The House Oversight Committee has serious concerns about the use of the Stingray device that acts as a fake cell phone tower. The device is currently being used by numerous government agencies. Their concerns were made public after their year-long probe into the use and expense of this technology. The devices can be used for targeting cell phones of unsuspecting citizens nationwide.
Chairman of the House Committee on Oversight and Government Reform, Jason Chaffetz, appeared on “Fox and Friends” Wednesday morning to express his concerns over government agencies using the Stingray device. At any given time, one of the several agencies can tap into one of the nationwide fake cell phone tower devices to pick up the location and other information on basically anyone without a warrant or any type of guidelines.
The list of agencies that have access to the fake cell phone tower device raises questions for the committee, said Chaffetz. He questioned why some of these agencies even need this technology, citing the IRS as one of the arms of the government using the Stingray device giving the committee cause for concern.
Many of the more than 400 cell-site simulators in use are called the Stingray, but there are other brand names they are sold under. This technology has cost the taxpayers close to $100 million. The devices that mimic cell towers are scattered throughout the nation, and in some areas, even the local and state law enforcement have access to their use. The House Committee is recommending designing legislation around the use of these machines, which would include needing a warrant before the tracking of the cell phone begins in most cases. According to The Washington Times, the device can be “used to zero in covertly on the locations of cellphones.”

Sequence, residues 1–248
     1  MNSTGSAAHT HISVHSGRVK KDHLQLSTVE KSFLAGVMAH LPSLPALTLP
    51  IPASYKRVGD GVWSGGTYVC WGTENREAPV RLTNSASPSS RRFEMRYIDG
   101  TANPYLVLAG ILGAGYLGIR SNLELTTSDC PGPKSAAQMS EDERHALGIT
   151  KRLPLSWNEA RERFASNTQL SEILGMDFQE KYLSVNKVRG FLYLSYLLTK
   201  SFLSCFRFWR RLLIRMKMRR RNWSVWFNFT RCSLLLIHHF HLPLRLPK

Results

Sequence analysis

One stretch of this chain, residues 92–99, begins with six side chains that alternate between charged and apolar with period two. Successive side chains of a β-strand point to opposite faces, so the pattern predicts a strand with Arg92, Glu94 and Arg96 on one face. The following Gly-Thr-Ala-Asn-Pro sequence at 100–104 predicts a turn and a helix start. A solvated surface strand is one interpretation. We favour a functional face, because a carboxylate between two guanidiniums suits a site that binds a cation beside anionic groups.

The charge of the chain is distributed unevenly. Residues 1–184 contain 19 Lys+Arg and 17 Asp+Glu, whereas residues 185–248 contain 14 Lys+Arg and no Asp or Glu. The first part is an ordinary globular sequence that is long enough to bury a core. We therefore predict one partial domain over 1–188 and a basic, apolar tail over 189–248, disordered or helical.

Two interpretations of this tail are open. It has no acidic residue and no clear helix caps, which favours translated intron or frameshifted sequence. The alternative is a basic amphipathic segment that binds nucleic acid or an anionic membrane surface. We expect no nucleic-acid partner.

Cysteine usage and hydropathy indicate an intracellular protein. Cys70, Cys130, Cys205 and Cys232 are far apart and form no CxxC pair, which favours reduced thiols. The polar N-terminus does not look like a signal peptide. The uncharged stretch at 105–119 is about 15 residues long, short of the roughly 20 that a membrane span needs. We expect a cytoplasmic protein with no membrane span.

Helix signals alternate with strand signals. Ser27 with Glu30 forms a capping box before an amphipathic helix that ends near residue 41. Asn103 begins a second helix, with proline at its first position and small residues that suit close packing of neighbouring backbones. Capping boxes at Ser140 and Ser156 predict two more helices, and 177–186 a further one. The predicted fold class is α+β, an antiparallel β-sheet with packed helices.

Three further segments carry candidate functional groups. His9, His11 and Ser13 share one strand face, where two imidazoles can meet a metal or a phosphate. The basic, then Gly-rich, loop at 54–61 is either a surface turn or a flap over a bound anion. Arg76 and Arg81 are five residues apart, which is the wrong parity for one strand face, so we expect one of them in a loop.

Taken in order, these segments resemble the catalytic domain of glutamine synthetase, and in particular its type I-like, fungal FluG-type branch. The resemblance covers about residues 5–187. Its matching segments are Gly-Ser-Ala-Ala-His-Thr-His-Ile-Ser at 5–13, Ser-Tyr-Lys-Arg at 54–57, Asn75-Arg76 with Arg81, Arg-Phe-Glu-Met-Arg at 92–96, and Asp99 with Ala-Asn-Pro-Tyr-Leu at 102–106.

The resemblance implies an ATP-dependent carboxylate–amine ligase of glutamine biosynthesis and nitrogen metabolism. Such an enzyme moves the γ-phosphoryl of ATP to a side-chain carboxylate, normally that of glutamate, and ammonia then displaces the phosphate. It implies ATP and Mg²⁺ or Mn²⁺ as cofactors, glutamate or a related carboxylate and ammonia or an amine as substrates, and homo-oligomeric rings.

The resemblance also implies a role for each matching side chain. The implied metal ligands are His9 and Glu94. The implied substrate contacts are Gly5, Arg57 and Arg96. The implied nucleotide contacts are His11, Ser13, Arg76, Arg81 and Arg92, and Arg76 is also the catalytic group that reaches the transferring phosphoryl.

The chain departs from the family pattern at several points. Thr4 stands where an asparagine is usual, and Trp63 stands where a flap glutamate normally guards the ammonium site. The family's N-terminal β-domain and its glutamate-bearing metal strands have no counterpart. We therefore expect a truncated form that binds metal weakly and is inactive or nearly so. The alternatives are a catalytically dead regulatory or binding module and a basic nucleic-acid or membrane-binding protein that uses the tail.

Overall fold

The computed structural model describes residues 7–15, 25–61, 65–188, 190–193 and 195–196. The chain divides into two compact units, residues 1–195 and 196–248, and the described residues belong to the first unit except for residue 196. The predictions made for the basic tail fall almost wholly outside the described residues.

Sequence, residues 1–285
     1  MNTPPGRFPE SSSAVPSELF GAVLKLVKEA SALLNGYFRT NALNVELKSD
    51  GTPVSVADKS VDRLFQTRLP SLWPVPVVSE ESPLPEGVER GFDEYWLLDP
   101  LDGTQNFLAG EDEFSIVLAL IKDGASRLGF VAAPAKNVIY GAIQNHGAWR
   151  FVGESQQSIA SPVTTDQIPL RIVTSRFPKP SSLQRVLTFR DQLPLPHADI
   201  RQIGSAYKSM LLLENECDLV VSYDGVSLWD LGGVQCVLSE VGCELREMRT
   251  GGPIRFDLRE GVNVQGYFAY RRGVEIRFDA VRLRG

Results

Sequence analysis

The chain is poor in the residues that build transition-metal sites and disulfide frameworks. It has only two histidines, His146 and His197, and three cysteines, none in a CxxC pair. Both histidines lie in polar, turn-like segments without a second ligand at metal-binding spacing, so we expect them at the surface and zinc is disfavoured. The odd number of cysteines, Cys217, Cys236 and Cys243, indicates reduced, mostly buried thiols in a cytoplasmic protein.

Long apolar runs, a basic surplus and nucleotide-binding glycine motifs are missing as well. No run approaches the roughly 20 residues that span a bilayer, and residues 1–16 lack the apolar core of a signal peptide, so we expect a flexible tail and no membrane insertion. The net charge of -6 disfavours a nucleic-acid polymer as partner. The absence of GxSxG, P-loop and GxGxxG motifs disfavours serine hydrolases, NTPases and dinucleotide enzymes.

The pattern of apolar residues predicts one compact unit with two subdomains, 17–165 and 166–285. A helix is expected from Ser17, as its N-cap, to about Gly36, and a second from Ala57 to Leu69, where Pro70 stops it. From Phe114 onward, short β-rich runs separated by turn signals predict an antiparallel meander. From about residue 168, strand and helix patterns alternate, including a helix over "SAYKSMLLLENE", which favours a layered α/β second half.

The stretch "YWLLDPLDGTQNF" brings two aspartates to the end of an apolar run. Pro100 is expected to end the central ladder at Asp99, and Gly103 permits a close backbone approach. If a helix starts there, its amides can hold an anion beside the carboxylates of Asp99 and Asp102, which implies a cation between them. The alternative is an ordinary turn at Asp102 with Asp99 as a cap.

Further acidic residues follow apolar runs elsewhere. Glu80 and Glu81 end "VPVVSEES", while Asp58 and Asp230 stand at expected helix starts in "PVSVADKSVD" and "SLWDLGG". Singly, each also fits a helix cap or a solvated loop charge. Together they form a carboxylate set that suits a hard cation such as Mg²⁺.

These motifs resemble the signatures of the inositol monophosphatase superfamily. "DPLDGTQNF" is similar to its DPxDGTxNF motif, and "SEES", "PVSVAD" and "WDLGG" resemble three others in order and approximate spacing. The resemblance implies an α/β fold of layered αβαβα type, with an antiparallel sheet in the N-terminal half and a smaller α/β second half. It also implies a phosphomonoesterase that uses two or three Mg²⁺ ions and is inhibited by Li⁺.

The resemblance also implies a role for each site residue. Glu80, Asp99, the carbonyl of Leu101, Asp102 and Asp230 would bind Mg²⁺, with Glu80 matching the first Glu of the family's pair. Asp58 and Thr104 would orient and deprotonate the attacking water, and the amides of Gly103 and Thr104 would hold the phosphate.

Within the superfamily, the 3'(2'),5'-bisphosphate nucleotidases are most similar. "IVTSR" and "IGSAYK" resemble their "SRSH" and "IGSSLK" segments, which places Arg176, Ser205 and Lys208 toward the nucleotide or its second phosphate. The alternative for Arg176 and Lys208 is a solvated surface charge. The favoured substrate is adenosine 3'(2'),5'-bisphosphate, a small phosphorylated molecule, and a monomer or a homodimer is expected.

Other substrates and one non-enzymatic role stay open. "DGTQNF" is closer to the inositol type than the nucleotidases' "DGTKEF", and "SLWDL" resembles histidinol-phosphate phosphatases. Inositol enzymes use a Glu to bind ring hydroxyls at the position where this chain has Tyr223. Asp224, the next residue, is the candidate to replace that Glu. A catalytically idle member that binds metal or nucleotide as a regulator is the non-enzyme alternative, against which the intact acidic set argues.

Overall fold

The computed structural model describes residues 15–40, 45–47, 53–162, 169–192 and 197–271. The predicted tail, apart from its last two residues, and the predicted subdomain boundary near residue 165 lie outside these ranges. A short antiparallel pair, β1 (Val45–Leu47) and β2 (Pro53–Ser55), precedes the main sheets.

The agencies that have access to these cell phone interception devices include the DEA, FBI, IRS Criminal Investigations Division, U.S. Marshals Service, U.S. Customs and Border Patrol, Bureau of Alcohol, Tobacco, Firearms and Explosives, U.S. Immigration and Customs Enforcement, U.S. Secret Service, Treasury Inspector General, Justice Department, Department of Homeland Security and many state and local law enforcement agencies.
While this technology is called a fake cell phone tower, it is really nothing more than a small suitcase-size device that doesn’t look much like a piece of modern technology, but looks are deceiving in this case. The device mimics a cell phone tower, so it can pick up your phone’s signal. Your cell phone gives off pings that are picked up by the nearest towers when you make a call.
This fake cell phone tower device picks up those pings just like a regular tower would. The Stingray has the ability to pinpoint your location once it picks up that ping from the cell phone. Along with tagging your location, it can also extract other information from your phone, including contacts, phone numbers, outgoing phone calls, and text messages, according to Sputniknews.
It is not necessarily a stationary device, and they are put in vehicles by local and state law enforcement. Then they will drive through neighborhoods looking to pick up a ping from their suspect’s cell phone. While they embark on this search, they are picking up information on other people’s cell phones who are passing by or who live in the neighborhood. If your cell phone is tracked, you would not have any idea that this was going on.
Basically, the Stingray device intercepts your cell phone signal and extracts any information needed via that signal. One of the many concerns expressed by Chaffetz this morning on “Fox and Friends,” is it wouldn’t take much for the criminal element to get their hands on this device, which would open an entirely new can of worms for the use of the Stingray.
According to The Washington Times, the report does not list the specific devices by name or the type of device each agency has access to. But these devices are pricey, with the government agencies listing their purchase price as $41,000 to $500,000.
Back in 2015, the Justice Department and Homeland Security put a policy into place that in most cases a warrant needs to be obtained before using the device, but there’s no standard policy for the device when used by local authorities. For this reason, the committee suggests that Congress needs to “establish a legal framework” that basically “governs government agencies, commercial entities, and private citizens’ access” to this data derived from the cell phone intercepting device.
[Featured Image by the U.S. Patent and Trademark Office/ AP Images]